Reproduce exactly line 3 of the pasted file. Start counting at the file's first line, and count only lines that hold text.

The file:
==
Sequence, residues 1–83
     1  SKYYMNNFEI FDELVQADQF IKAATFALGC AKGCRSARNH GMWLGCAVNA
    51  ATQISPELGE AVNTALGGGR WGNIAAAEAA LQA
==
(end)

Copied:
    51  ATQISPELGE AVNTALGGGR WGNIAAAEAA LQA